Like Collet, Lindsay Mosca of Montvale, N.J., says most of her wardrobe these days is from Aritzia — a store she'd never shopped at until a few years ago, when it started to pop up on her social media feed.
"The Effortless pants definitely were the thing that caught my eye," said Masco, 29, referring to a pair of high-waisted crepe trousers trending in a big way on TikTok.
Aritzia didn't make its CEO available for an interview with CBC News. But in a 2022 presentation to investors, the company describes customers as its "main marketing vehicle" — and notes their online conversations have been especially powerful.
On Reddit, members of a 26,000-person group debate product styles and share outfit photos. On TikTok, customers post online shopping hauls, styling tips and try-ons — though it's not all positive. Customers also critique aspects of the retailer, such as its lack of individual change room mirrors and customer service.
While word-of-mouth marketing is powerful, it's also tough to wrangle, said Northwestern University's Calkins. Customers like to talk about what's new and interesting, and as a brand becomes more well-known it's more difficult to keep the conversation going.
"Early on, you're new, and you're exciting, and that's great and everybody wants to talk about [you]," said Calkins. "The longer you've been around, the less exciting you are."
Doug Stephens, founder of the Retail Prophet, said growth in the physical realm can also pose a risk.
The more stores a retailer has, the more difficult it can be to replicate the same experience in each one (especially in vastly different labour markets), he said.
The larger the corporation is, the tougher it can be to respond to shifting customer preferences. And the more attention a brand gets, the more likely it is to reach a point of fatigue.
"When we look at brands, like Lululemon, for example, [that] have had sort of this meteoric level of growth, oftentimes it's that very growth that conspires against their future success," said Stephens.
In the near-term, Aritzia also faces pressure from inflation, executives said during its latest earnings call, along with higher warehousing costs after receiving an influx of merchandise ordered in the midst of COVID-19 supply chain issues. (During the call, the company's CEO, Jennifer Wong, said she wasn't concerned about this leading to greater markdowns.)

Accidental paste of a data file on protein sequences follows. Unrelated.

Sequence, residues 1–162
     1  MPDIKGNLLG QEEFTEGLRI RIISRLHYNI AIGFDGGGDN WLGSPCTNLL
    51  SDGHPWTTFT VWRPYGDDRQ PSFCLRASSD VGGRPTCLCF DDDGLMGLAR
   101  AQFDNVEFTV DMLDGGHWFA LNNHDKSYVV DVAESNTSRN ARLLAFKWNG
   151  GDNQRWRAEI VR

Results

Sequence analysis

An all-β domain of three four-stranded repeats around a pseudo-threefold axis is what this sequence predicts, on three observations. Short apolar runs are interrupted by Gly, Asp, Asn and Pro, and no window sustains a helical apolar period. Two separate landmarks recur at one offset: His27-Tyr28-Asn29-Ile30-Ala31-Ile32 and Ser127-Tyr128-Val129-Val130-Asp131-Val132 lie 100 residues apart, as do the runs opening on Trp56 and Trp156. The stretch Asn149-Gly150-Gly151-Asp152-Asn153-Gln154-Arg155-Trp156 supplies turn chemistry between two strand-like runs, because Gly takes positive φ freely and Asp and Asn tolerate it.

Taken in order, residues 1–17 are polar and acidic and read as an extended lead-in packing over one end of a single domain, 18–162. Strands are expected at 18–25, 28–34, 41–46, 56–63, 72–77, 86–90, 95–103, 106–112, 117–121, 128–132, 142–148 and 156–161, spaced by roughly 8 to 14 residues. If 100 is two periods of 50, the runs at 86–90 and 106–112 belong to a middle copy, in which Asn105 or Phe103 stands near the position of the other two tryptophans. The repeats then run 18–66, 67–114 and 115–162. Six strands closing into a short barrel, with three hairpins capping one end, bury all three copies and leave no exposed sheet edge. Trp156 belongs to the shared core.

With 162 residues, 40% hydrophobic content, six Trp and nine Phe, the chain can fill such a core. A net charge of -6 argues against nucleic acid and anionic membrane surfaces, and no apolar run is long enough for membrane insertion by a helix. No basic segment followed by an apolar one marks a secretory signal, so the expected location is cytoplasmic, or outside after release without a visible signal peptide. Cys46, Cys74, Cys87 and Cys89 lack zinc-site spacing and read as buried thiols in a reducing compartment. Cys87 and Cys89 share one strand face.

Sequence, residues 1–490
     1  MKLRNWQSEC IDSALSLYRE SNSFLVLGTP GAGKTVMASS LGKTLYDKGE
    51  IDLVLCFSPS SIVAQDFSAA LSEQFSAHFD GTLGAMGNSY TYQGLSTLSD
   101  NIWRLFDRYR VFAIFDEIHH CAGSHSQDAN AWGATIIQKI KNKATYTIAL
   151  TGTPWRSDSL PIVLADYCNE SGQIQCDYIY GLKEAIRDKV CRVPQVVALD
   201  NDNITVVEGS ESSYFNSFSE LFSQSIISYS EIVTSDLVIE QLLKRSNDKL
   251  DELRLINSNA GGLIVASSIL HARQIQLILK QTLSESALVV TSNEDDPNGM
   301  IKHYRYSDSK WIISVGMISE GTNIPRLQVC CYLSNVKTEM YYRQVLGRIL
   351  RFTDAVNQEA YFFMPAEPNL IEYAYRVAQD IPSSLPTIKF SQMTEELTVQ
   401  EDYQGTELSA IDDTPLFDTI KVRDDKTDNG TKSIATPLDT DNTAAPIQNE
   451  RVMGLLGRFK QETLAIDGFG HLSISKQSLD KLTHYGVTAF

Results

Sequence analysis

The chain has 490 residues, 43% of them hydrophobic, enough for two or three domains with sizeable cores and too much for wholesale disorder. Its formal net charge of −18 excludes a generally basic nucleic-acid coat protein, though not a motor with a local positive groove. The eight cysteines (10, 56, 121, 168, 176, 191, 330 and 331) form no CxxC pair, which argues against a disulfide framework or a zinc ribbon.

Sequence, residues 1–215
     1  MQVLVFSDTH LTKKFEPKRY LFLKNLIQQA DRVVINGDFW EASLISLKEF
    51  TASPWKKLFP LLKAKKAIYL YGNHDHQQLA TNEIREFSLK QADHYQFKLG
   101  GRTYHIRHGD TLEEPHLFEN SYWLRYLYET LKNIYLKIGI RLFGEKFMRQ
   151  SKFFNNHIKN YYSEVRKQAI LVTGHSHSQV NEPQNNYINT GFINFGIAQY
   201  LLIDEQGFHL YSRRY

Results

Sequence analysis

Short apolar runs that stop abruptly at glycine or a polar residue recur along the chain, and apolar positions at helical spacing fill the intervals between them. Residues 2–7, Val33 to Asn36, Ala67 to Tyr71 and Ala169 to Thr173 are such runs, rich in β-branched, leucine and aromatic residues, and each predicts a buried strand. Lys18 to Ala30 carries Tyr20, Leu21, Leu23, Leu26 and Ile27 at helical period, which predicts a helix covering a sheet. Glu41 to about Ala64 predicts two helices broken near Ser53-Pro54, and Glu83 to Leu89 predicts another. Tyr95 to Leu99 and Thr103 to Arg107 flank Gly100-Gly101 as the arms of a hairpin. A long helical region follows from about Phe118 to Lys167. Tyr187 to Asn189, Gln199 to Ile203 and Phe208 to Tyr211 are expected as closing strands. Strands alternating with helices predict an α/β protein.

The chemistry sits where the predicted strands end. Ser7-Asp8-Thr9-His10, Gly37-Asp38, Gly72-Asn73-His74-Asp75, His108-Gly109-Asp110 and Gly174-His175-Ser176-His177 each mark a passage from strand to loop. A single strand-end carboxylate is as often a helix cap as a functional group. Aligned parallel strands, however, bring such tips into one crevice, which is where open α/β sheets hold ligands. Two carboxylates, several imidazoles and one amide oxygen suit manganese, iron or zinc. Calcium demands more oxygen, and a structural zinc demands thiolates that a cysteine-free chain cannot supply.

The rising cost of living has also squeezed consumers' wallets. The Wall Street Journal reporting overall U.S. retail sales dipped slightly during the normally-busy shopping month of December.
While consumers of higher-end products tend to be more insulated from economic pressures than those who shop at budget retailers, retail consultant Sonia Lapinsky says there comes a point where even those shoppers may start to cut back.
"There's definitely some security, having more of a premium product and luxury customer," said Lapinsky, managing director of retail practice with the New York-based consulting firm AlixPartners.
"But I don't think that means that [higher-end brands] are completely impervious to the challenges that many retailers are foreseeing ahead."
In the longer-term, Aritzia has set a goal of opening between eight and 10 stores a year in the U.S. through 2027, according to its latest investor presentation — a pace that Stephens said isn't unreasonable, if the brand can keep its eye on the ball.
"It comes down to responsible levels of growth and not just recklessly sort of bending to the whims of investors to grow in a way that is not responsible," he said.
While most of Aritzia's immediate expansion plans are focused on the U.S. market, Wong told investors last fall it's just a sign of things to come.
"We believe in order to be a wildly successful and internationally-known brand, you have to be famous in the U.S.," Wong said. "We will build a critical mass in the U.S. that sets us up for success internationally beyond 2027."